The Lord Archbishop of Canterbury
Primate of All England
Lambeth Palace, London, SE1 7JU
Many of us in the Episcopal Church first greeted the news of the upcoming Lambeth Conference with great excitement. When I was in England this past summer and visited Canterbury for the first time, I was deeply moved by the palpable bonds of kinship and affection created by our shared belonging to the Anglican Communion. I felt incredibly proud and connected. It was with great sadness and distress, therefore, that I read the recent statement from Dr. Josiah Idowu-Fearon, Secretary-General of the Anglican Communion, announcing that same-sex spouses of active bishops would not be invited to attend the 2020 Lambeth Conference along with opposite-sex spouses.
I am, of course, keenly aware that not all Anglicans are of the same mind on issues of human sexuality, as well as a wide range of other issues. We are living in an age, however, in which the Church stands largely discredited among the people to whom we are called to bring the Gospel of Jesus Christ. Having often found ourselves on the wrong side of history, the Church has developed a reputation for being prejudiced, retrograde, and oppressive, a reputation that, I fear, is well justified. How are we to look people in the eye and say that our God is a God of love, and the Bible is the divinely inspired container of God’s loving Word, when the leaders of the Anglican Communion countenance and perpetuate the homophobia and discrimination that hurts so many LGBTQ members of our Christian family? How are we to defend the Church against the legitimate claims of outmoded and pharisaical legalism?
I know that you, like I, take seriously St. Paul’s affirmation in his Epistle to the Galatians (Gal. 3:28-29) that “there is no longer Jew or Greek, there is no longer slave or free, there is no longer male and female; for all of you are one in Christ Jesus. And if you belong to Christ, then you are Abraham’s offspring, heirs according to the promise.” Are LGBTQ people not also heirs of Christ’s promise, Your Grace? I came to the Episcopal Church in 2004 after having wandered for twenty years in a spiritual wilderness following a traumatic departure from the Judaism of my upbringing. I fell in love with the Anglican form of Christianity, because I witnessed in Holy Scripture and experienced in the embodied life of the Church a Jesus who loved and fully included the poor, the marginalized, and the rejected without any qualification and in defiance of the religious and civil authorities of his time. And I fell so in love with Jesus that I have dedicated my life to him as a priest.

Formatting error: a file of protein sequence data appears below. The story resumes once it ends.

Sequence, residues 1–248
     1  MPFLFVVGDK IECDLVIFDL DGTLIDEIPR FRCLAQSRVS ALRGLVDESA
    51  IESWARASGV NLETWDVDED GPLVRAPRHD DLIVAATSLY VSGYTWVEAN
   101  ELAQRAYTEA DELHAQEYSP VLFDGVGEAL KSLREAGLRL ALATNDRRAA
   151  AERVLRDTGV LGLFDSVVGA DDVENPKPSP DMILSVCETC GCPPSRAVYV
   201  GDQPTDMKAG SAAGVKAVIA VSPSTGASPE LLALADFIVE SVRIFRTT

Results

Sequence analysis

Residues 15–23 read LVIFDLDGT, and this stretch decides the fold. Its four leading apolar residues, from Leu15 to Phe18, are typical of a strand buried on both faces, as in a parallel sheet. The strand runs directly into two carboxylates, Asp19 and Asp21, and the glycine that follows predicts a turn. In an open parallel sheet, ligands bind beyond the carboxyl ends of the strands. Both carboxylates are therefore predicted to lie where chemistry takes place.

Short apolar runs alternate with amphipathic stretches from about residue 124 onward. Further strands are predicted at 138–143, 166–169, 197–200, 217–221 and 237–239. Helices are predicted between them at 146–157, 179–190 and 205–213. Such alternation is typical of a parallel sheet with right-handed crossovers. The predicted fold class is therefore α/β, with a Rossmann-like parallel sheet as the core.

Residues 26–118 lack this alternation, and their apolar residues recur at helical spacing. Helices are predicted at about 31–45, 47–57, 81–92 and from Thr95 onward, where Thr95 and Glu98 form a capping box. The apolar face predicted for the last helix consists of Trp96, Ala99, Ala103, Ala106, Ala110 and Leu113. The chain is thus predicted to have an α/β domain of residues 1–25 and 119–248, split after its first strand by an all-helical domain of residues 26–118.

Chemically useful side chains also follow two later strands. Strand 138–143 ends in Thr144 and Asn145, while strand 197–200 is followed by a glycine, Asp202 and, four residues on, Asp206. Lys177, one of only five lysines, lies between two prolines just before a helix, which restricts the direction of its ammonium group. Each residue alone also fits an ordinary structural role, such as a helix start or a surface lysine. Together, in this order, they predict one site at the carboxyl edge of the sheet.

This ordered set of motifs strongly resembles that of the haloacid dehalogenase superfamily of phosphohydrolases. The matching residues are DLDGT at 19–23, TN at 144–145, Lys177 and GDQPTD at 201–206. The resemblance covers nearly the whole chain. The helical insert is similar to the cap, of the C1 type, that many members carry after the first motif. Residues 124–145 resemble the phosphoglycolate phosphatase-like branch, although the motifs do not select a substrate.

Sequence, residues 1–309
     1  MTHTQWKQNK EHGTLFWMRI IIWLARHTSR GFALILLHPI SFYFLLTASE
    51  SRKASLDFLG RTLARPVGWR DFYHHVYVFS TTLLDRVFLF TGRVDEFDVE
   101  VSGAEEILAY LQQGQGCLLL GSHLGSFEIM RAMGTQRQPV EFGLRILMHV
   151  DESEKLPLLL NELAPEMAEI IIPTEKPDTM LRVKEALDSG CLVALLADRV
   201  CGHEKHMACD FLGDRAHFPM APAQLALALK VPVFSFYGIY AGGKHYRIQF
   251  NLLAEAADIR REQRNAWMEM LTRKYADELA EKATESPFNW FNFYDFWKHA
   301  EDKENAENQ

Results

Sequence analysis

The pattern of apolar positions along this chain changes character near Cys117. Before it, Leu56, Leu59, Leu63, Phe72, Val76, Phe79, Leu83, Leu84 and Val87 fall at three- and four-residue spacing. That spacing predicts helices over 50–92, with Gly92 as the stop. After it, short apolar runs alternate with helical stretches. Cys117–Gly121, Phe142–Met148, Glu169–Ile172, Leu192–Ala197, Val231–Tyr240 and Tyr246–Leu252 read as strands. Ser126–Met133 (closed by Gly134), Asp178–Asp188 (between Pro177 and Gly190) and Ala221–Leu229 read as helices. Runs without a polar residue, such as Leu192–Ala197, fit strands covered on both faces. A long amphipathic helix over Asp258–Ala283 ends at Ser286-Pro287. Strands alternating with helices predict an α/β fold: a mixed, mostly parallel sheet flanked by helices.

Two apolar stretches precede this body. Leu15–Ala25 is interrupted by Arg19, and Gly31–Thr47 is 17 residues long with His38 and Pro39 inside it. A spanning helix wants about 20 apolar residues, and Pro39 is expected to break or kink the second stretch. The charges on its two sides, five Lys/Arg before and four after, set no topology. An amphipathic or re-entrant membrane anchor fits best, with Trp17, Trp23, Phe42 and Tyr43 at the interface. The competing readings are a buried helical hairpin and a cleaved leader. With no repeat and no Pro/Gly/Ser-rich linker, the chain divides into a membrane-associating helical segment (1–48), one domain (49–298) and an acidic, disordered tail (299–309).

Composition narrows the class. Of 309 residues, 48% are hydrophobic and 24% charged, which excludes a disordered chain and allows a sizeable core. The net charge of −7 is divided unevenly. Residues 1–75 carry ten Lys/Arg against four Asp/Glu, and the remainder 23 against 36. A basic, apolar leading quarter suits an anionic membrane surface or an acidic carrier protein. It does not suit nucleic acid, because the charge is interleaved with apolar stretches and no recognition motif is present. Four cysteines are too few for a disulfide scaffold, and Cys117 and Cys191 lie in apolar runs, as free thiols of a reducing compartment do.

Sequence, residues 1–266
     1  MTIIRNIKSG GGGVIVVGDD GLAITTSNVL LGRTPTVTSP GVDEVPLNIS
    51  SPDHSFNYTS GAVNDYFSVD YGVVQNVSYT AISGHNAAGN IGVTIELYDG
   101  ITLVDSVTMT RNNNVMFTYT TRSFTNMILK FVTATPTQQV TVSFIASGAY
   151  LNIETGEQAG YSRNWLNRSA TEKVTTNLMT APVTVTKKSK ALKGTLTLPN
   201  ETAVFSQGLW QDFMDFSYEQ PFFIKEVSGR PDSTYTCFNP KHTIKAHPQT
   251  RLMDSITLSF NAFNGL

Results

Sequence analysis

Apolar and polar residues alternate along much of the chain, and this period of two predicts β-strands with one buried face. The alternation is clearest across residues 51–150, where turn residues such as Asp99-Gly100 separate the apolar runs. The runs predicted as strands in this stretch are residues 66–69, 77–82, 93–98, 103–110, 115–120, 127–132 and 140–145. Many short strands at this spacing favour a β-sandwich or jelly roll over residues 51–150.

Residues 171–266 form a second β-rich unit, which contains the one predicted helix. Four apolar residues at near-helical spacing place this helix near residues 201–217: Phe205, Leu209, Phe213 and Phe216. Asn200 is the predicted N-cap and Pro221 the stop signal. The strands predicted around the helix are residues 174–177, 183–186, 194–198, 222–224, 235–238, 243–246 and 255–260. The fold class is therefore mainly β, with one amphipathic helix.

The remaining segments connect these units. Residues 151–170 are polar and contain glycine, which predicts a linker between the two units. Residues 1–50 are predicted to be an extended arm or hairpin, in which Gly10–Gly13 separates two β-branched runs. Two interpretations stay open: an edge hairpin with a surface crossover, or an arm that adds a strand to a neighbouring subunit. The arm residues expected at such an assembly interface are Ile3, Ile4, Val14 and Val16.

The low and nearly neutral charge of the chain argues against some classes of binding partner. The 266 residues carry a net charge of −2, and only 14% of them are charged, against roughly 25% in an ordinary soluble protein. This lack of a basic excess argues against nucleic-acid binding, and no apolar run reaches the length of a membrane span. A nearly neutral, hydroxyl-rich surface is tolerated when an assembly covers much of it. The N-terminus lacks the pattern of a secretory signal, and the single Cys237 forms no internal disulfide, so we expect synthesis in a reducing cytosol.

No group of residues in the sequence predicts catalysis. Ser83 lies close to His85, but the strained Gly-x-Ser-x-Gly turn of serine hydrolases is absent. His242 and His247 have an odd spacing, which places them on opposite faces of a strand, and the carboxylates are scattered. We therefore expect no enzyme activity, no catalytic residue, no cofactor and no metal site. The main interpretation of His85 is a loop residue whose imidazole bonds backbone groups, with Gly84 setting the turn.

The Sunday lectionary recently included the Sermon on the Plain from the Gospel of Luke, in which Our Lord says, “blessed are you when people hate you, and when they exclude you, revile you, and defame you on account of the Son of Man. Rejoice in that day and leap for joy, for surely your reward is great in heaven; for that is what their ancestors did to the prophets” (Lk 6:22-23). Our Lord did not judge us worthy of being hated, excluded, or reviled. Must we wait for heaven to see our Lord’s promise of inclusion fulfilled? Are we to be bullied, as the prophets were, by people who are ignorant and frightened by the ongoing revelation of God’s truth, as Our Lord said in the Gospel of John:
“I still have many things to say to you, but you cannot bear them now. When the Spirit of truth comes, he will guide you into all the truth; for he will not speak on his own, but will speak whatever he hears, and he will declare to you the things that are to come” (John 16:12-13).
God is speaking to the world; but many do not want to listen. As the spiritual head of the world’s 85 million Anglicans and Episcopalians, Your Grace, please guide me: what am I to tell my flock? When the chips are down, and we have to choose what is just and what is expedient, how am I supposed to defend the Anglican Communion? Must I tell my LGBTQ folks that Cantuar believes them to be expendable, or will I be able to say with pride that you and other Anglican leaders stood up for them? I hold out the deepest hope that you will take a courageous stand and echo the resolute words of the Most Rev’d Edmond Lee Browning, 24th Presiding Bishop and Primate of the Episcopal Church, who said “I want to be very clear – this church of ours is open to all – there will be no outcasts – the convictions and hopes of all will be honored.”
I have great compassion for the very difficult situation in which your find yourself, Your Grace, in trying to keep the Anglican Communion together, as did your predecessors in office. I will pray for you in love for the formidable vocation which has been entrusted to you, as I hope you will pray and advocate for all those who have been materially harmed by the Church’s exclusionary policies. With this in mind, I implore you to consider adopting the fairer and more equitable policy of inviting no spouses of active bishops to the Lambeth Conference, if you do not feel you can invite the same-sex spouses. This would at least mitigate the sting of our continued exclusion from full membership in the Church at the highest levels. It would remind me and others of why we are still proud to be Anglicans.
I thank you, Your Grace, for your consideration of my comments. I wish you and all of our family in the Church of England and the Anglican Communion a transformative Lent.
Your humble servant in Christ,
The Rev’d Ethan Alexander Jewett, SCP
VIII Rector, St. Helena’s Episcopal Church, Burr Ridge, Illinois
Episcopal Diocese of Chicago
The Episcopal Church